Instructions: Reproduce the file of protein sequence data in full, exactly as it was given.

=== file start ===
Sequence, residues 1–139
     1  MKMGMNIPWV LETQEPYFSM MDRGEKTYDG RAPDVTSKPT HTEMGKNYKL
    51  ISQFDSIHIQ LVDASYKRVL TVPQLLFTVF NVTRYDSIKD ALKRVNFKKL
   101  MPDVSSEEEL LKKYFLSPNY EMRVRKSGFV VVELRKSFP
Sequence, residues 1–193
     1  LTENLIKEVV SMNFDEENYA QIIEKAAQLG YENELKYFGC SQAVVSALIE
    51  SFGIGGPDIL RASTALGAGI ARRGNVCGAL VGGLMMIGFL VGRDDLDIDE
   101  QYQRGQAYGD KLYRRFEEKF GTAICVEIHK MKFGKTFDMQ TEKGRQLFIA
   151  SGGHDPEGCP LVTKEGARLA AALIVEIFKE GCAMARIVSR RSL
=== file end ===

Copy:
Sequence, residues 1–139
     1  MKMGMNIPWV LETQEPYFSM MDRGEKTYDG RAPDVTSKPT HTEMGKNYKL
    51  ISQFDSIHIQ LVDASYKRVL TVPQLLFTVF NVTRYDSIKD ALKRVNFKKL
   101  MPDVSSEEEL LKKYFLSPNY EMRVRKSGFV VVELRKSFP
Sequence, residues 1–193
     1  LTENLIKEVV SMNFDEENYA QIIEKAAQLG YENELKYFGC SQAVVSALIE
    51  SFGIGGPDIL RASTALGAGI ARRGNVCGAL VGGLMMIGFL VGRDDLDIDE
   101  QYQRGQAYGD KLYRRFEEKF GTAICVEIHK MKFGKTFDMQ TEKGRQLFIA
   151  SGGHDPEGCP LVTKEGARLA AALIVEIFKE GCAMARIVSR RSL